“What’s the No. 1 reason why many people won’t vote for [Barack] Obama?” asks Dustin Glick in his comic, Dustinland. See how he narrows down the options.
Glick’s theory is that many people oppose Obama because of his race, but rationalize their position, perhaps even to themselves, by citing any of a host of other respectable reasons. But at least the fact of their opposition is clear, whatever the honesty of their stated reasons. A far bigger danger to Obama is from voters who tell pollsters that they will vote for Obama, but actually don’t. This is known as the Bradley Effect, as Andrew Hacker explains:
As I write, several polls give Obama about 47 percent and McCain about 45 percent, a decline of several points for Obama from the polls of May and July. The rest of the respondents say they are undecided. At the same time the state-by-state estimates by pollster.com show Obama leading in electoral votes, with 102 such votes a “toss-up.” The numbers will probably have changed by the time you read this. Yet now and later, there’s a chance that the real percentages will be the reverse of those I’ve cited. Some people who are telling pollsters they’re for Obama could actually be lying.
Such behavior has been called the “Bradley Effect ,” after Tom Bradley, a black mayor of Los Angeles who lost his bid to be California’s governor back in 1982. While every poll showed him leading his white opponent, that isn’t how the final tally turned out. Things haven’t been far different in some other elections involving black candidates. In 1989, David Dinkins was eighteen points ahead in the polls for New York’s mayoral election, but ended up winning by only a two-point edge. The same year, Douglas Wilder was projected to win Virginia’s governorship by nine points, but squeaked in with one half of one percent of the popular vote. Nor are examples only from the past. In Michigan in 2006, the final polls forecast that the proposal to ban affirmative action would narrowly prevail by 51 percent. In fact, it handily passed with 58 percent. That’s a Bradley gap of seven points, which isn’t trivial.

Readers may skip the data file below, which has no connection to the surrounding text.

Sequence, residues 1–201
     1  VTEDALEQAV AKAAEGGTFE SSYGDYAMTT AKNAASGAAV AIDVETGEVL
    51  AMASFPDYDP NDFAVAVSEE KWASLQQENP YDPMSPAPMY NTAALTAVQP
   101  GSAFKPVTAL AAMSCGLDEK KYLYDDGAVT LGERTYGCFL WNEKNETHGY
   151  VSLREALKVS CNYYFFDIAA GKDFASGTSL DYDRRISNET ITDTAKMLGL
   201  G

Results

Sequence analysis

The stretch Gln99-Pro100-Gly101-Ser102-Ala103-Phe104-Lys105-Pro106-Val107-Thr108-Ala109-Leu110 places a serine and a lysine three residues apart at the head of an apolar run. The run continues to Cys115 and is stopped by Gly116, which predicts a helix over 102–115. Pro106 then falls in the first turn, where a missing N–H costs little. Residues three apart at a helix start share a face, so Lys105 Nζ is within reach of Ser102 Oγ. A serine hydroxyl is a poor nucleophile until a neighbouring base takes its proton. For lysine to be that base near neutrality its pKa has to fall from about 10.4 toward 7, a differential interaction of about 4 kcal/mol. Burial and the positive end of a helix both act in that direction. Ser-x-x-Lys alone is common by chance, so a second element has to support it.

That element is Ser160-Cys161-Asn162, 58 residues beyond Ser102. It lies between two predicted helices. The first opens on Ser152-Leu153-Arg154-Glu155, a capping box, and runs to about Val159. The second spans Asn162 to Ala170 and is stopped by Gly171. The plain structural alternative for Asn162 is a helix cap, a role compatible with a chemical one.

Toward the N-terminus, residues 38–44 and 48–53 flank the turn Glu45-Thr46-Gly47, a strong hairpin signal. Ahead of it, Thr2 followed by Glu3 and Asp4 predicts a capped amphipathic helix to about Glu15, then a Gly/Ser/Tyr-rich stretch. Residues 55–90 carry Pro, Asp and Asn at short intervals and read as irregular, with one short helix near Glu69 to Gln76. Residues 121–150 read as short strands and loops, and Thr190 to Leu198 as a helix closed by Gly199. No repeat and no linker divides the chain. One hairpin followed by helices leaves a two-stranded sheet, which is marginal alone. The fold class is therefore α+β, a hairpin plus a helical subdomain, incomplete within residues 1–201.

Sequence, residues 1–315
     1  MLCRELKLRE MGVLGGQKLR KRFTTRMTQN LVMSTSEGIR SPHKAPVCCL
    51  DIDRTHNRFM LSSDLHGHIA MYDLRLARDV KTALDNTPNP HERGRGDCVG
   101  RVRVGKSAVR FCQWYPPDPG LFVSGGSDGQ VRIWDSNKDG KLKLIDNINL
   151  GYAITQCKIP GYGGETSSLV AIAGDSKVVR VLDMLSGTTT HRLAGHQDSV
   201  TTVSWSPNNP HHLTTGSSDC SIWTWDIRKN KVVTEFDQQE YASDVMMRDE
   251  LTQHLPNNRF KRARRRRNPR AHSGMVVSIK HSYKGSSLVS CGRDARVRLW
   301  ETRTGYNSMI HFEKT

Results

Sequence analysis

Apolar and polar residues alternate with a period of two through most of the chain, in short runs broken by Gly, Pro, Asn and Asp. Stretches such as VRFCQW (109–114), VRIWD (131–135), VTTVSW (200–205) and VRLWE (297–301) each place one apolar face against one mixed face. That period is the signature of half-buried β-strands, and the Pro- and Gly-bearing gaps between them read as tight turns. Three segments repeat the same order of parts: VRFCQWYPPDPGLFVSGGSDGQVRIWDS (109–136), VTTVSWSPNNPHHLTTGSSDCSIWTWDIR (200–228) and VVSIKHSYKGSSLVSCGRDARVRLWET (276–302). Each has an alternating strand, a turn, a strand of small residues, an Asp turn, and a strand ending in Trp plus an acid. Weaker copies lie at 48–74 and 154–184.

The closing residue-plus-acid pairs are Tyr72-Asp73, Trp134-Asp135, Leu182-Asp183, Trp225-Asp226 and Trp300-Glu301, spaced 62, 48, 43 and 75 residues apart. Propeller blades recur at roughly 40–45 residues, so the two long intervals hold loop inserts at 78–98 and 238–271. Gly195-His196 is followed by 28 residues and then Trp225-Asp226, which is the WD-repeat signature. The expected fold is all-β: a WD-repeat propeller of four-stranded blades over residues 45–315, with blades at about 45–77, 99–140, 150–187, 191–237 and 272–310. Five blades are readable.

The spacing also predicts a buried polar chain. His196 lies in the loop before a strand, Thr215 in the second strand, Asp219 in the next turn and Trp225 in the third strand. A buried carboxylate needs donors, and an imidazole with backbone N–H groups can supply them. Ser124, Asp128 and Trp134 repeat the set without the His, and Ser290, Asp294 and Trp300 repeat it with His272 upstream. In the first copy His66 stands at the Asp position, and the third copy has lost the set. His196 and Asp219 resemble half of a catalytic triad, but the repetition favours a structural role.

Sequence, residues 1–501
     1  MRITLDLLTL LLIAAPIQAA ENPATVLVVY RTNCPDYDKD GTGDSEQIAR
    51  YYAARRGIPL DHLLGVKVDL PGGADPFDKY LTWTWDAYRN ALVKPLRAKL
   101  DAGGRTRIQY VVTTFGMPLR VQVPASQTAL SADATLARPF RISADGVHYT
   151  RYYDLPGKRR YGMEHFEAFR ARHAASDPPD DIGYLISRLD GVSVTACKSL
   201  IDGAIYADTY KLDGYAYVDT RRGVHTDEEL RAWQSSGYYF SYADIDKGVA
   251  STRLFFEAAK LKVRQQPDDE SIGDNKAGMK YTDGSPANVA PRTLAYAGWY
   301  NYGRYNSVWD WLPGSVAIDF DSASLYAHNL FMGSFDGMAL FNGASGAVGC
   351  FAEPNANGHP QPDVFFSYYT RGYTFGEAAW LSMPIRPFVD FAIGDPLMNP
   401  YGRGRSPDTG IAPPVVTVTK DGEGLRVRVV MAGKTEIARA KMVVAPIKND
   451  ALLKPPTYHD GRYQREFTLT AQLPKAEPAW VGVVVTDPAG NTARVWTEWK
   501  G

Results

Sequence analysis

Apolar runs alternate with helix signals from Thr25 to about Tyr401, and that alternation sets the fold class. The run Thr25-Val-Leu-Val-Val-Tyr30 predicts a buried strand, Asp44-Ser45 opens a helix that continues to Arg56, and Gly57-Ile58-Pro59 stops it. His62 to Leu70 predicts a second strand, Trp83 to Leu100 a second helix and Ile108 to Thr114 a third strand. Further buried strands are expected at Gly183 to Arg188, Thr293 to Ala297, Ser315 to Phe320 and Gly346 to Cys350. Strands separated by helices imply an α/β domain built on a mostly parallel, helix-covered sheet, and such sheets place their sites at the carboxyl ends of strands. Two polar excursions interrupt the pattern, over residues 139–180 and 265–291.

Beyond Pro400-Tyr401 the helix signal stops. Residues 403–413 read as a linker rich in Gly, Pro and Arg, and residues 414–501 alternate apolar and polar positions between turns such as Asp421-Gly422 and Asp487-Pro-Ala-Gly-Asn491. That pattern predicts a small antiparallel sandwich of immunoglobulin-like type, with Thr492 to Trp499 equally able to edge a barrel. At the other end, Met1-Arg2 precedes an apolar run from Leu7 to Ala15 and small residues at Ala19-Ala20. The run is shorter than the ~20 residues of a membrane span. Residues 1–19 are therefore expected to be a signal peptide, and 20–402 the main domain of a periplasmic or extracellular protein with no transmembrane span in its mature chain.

Pollsters contend that respondents often change their minds at the last minute, or that conservatives are less willing to cooperate with surveys. Another twist is that more voters are mailing in absentee ballots, and it’s not clear how those early decisions are reflected in the polls. Yet the Bradley gap persists after voters have actually cast their ballots. Just out of the booth, we hear them telling white exit pollers that they supported the black candidate, whereas returns from these precincts show far fewer such votes. Thus they lie to interviewers they don’t know and will never see again. Barack Obama wants to think “white guilt [over treatment of blacks] has largely exhausted itself in America.” I’m less sure. Almost all people who reject black candidates say they have nonracial reasons for doing so. And many undoubtedly believe what they’re saying. So I’m not persuaded that the Bradley gap won’t emerge this year. The Obama campaign would do well to print signs to post prominently in all its offices: ALWAYS SUBTRACT SEVEN PERCENT!
Of course, polls can also be misleading in the other direction: for example, pollsters often ignore people with cellphones, who tend to be disproportionately young and Obama supporters. There are too many factors at play for anyone, whether a pollster or a pundit, to successfully predict what will happen in November on the basis of anything but luck.
I hope Obama wins the election, though I say that more from process of elimination than anything else: the other side makes me cringe.